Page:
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Europe explores solar farms in space with Solaris programme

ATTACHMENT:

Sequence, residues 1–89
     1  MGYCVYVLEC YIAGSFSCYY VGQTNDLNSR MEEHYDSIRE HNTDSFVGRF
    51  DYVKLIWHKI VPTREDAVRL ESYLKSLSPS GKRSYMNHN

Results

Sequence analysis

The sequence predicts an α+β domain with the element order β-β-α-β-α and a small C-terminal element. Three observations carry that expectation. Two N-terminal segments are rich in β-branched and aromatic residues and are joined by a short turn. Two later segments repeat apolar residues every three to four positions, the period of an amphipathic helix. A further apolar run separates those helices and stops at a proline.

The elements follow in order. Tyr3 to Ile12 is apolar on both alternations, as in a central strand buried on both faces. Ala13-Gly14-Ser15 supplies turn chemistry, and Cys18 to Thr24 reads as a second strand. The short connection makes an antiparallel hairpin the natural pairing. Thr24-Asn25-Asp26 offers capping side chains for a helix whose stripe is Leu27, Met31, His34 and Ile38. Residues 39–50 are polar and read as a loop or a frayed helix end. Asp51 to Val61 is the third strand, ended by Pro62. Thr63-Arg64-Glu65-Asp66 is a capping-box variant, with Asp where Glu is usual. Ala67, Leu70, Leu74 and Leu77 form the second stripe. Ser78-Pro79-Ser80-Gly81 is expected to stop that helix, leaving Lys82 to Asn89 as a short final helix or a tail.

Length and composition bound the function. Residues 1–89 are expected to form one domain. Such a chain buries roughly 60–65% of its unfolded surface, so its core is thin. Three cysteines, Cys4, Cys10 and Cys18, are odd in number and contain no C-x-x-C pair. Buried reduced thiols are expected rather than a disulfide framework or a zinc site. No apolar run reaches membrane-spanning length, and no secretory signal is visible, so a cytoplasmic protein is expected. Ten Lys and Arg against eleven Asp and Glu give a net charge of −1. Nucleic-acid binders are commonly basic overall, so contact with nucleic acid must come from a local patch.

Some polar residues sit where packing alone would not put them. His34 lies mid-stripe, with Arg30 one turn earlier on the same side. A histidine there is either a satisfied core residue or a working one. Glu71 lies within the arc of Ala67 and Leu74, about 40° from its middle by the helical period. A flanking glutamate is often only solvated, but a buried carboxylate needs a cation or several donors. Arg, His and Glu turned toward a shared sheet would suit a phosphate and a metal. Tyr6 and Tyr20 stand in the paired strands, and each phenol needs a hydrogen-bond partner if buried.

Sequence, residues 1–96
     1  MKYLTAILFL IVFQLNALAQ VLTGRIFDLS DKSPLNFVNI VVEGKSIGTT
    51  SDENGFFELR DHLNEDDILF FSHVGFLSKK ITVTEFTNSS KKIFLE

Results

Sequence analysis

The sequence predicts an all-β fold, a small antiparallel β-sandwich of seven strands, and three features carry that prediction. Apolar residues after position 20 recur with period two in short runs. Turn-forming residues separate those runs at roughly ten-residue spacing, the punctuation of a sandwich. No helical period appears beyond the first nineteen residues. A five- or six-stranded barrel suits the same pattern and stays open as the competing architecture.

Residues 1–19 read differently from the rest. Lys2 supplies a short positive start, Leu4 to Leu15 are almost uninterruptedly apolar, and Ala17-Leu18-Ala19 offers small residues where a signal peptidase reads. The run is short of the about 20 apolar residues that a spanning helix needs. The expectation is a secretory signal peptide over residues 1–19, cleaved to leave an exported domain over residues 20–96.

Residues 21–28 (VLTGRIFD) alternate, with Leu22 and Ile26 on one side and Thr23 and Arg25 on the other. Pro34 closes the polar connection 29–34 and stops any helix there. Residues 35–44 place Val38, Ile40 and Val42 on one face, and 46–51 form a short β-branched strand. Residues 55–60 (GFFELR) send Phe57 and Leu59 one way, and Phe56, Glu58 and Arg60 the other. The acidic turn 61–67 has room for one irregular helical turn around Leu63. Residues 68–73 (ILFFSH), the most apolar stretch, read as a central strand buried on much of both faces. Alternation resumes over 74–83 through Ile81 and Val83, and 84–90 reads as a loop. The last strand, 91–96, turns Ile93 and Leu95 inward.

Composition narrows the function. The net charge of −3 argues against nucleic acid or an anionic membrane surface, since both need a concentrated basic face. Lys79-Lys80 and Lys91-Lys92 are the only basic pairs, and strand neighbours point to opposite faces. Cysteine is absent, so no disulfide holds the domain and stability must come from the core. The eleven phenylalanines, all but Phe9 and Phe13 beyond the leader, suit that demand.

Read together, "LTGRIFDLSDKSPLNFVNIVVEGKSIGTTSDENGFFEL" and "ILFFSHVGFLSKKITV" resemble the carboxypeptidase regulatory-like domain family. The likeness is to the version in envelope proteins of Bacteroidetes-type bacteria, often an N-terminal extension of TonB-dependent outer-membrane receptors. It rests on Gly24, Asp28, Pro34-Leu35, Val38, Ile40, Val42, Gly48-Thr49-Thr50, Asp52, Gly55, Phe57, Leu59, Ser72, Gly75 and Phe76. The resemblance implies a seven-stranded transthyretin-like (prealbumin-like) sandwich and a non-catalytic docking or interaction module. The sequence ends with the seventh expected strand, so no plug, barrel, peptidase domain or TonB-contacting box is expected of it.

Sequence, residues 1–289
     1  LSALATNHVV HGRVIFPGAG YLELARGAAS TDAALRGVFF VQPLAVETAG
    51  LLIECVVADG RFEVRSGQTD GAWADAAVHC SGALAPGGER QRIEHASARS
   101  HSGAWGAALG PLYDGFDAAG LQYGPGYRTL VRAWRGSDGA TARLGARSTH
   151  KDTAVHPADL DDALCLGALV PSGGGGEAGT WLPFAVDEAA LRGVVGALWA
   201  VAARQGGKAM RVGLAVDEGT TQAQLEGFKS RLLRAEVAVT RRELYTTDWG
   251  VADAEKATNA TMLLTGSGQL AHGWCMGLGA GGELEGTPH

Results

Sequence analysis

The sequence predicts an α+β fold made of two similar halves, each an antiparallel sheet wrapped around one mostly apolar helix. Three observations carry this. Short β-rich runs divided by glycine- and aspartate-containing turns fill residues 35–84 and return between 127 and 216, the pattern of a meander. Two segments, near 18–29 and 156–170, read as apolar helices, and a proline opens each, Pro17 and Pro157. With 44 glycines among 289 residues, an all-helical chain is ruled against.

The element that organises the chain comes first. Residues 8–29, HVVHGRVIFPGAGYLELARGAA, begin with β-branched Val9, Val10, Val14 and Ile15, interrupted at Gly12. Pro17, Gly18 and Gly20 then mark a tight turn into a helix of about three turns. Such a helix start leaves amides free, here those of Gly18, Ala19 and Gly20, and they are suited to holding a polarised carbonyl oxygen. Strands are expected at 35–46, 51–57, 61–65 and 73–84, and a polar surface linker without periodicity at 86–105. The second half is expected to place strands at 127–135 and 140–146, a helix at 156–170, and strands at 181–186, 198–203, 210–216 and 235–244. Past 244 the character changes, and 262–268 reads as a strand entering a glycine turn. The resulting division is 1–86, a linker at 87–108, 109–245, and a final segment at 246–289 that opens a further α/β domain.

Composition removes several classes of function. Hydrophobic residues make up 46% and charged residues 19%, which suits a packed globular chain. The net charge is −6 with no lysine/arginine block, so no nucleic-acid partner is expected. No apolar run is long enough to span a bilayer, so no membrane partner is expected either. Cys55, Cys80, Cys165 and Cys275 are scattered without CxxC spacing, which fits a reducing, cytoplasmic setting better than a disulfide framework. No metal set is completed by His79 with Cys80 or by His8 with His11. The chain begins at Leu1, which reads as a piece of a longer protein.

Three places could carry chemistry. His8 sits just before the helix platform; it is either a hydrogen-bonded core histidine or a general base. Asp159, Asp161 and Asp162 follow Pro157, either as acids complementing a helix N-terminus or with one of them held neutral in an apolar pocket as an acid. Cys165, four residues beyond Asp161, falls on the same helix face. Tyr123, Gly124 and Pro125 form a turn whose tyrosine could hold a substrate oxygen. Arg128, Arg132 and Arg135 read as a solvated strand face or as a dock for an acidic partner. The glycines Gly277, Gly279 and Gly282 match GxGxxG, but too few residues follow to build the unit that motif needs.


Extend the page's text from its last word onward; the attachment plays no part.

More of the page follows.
The European Space Agency (ESA) is exploring the potential of space-based solar power (SBSP) to address issues of energy intermittency on Earth. As part of the Solaris program, the ESA is investigating the possibility of using 24-hour sunlight in space to provide clean energy for Europe as early as the 2030s, with the goal of helping the continent achieve its net-zero targets. SBSP relies on existing technologies that have been proven to work on Earth, and the ESA envisions large solar farms orbiting the Earth, collecting sunlight and beaming the energy down to receiver stations on Earth via microwaves or laser beams. The ESA believes that SBSP could help overcome the key problems associated with a full transition away from fossil fuels, including intermittency of supply, pressures on land use, scalability, and toxic waste. The agency has identified several technical challenges, including delivering high-efficiency photovoltaic and power conversion and deploying, assembling, and maintaining large-scale structures in space. It is also investigating potential risks to human, animal, and plant health and the impact of beam interference on aviation and ground infrastructure. The ESA’s Solaris program has received funding and is in the preparatory stage, partnering with European industry to assess technical feasibility and other benefits and risks. Other space agencies, including those in the US, China, and Japan, are also investigating SBSP, with varying levels of progress.